Finally, a close up of the printed version. With care and good drafting skills, the new drawing will be as good as the original and a lot easier to read. Remember that you are drawing in 1:1 scale, and that as the drawing is reduced for printing it can become too cluttered if you are not careful. As a matter of interest, the ship is BB62 USS New Jersey in its 1982 configuration.
The aim of this tutorial is to show how to generate a set of hull lines from an image to an AutoCAD drawing. Remember that nearly all hull lines are drawn to the OUTSIDE of the hull, so if we want to build a model, we can use AutoCAD to offset these lines by an amount equal to the hull thickness.
Following the steps outlined in Part 1, insert the image into AutoCAD. Then rotate and change scale to full size (scale 1:1). The example below shows what we should have. I have moved the bow view (second down on the left hand side) to line up with the stern view, making it easier to follow. Notice I have drawn the Base Line and Station lines (shown in red). I have also drawn the reference line down the left hand side (shown in magenta) and copied the reference line to where I will place the new drawing.
Copy the elevation of the boat and transfer it to the new drawing underneath. Start by transferring all the straight lines only – this will give us a reference for our splined lines. These straight lines are shown below colored cyan. Next, we will copy and transfer down the curved lines, but before we do that I will explain splines.
There are 2 types of splines used in AutoCAD. The first is a B Spline, where "a curve passes near a given set of control points". The second a Bezier Curve, where "a curve passes through a given set of control points". We will using B splines. There are a few simple rules to follow. When the curve is long and gentle, use the fewest number of points to achieve the curve and always add points where the curve changes its direction. Where the curve is convoluted, put points wherever there is a small change. This is illustrated below:
We can modify the curve by selecting then dragging the control points (known as ‘grips’ and shown in blue above). Remember to hit the F8 key to turn ortho off, or we cannot move the control points small distances in any given direction. Practice generating spline curves as they are often used on ships line drawings. It is interesting to note that in the past special wooden curves were used but the accuracy was nowhere near what we can achieve today with computers. In addition, hulls were never as accurate as the drawings – wooden ships were ‘handed’ as there were considerable differences between the hull profiles on the port and starboard sides. Anyway, we should end up with a drawing as below:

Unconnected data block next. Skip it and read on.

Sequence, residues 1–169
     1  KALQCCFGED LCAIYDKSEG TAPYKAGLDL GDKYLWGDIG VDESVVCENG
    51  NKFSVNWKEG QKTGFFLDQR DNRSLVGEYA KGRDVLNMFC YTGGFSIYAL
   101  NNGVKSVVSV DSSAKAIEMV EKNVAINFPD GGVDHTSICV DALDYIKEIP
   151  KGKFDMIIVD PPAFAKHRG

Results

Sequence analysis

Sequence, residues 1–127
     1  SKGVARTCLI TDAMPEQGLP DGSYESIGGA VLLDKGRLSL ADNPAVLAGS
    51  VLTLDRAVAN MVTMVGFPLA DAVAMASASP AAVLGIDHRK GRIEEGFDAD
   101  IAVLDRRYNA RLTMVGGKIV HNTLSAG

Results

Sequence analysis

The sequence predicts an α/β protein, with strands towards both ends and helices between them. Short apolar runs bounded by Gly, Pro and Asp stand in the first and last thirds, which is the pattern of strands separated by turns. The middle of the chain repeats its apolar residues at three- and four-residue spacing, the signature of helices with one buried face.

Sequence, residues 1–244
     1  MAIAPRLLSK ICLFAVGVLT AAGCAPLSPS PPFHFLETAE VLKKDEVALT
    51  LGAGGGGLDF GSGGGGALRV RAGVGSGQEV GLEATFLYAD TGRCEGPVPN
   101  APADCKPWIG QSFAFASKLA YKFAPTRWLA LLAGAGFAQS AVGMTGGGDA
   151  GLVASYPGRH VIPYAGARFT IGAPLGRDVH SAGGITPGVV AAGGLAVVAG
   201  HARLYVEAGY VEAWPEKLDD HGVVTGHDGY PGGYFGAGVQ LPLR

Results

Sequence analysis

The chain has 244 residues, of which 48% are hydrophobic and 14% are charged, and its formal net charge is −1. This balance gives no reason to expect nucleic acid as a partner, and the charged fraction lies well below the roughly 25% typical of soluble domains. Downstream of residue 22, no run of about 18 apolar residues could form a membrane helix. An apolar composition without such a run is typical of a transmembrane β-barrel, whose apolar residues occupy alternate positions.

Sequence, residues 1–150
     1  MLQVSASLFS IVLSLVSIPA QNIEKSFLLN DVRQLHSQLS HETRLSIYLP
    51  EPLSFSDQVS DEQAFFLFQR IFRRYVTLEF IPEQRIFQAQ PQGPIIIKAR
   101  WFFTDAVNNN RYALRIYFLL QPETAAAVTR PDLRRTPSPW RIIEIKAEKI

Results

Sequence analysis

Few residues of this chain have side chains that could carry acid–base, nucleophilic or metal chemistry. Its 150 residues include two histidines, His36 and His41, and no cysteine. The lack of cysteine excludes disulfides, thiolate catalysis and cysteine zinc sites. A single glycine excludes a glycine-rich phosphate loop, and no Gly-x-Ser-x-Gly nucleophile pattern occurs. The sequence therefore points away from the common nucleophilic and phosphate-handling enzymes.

Next, do exactly the same with the frame lines, starting with the lines on the bow view. (We will only draw lines for one side, not both as shown on the original image).
Check the fairness of the lines using the View, Orbit, Free Orbit command. This lets us ‘spin’ the view to get a better idea of the fairness by aligning the view with the line. On the example below, we can see immediately that the lower line is not true. We can grab the ‘grips’ and modify this curve in this view as well.
When we have ‘faired up all the lines, we revert back to the original view by selecting View, 3D Views, Plan View, Current UCS. This is shown below.
Finally, mirror all the lines on both end views. We now have an accurate profile of the outside of the hull. Next we will add the deck camber line.
Go back to the starboard elevation, draw 2 lines from the deck top and the deck bottom – the distance between will be the camber on the centerline.
Transfer this to the end view. Then copy across the bow lines to the stern view and we have a set of lines. As we are going to use these lines for a model, there remain just two more steps: rescale the drawing to our model's scale and offset the hull and deck thickness for our frames. At this stage the drawing should look like this:
The drawing is now rescaled to 1/32 or whatever scale we want our model to be). Finally, we offset by the thickness of our hull on the sides (2.0mm), and the thickness of our deck at the top (1.59mm). I have done 2 frames to show this. If we wish, we can go one step further and mark the cut-out’s on the centerline (keel) section and the corresponding cut-out’s on the frames. As a matter of interest, the boat is a 9.2m launch from KM Bismarck.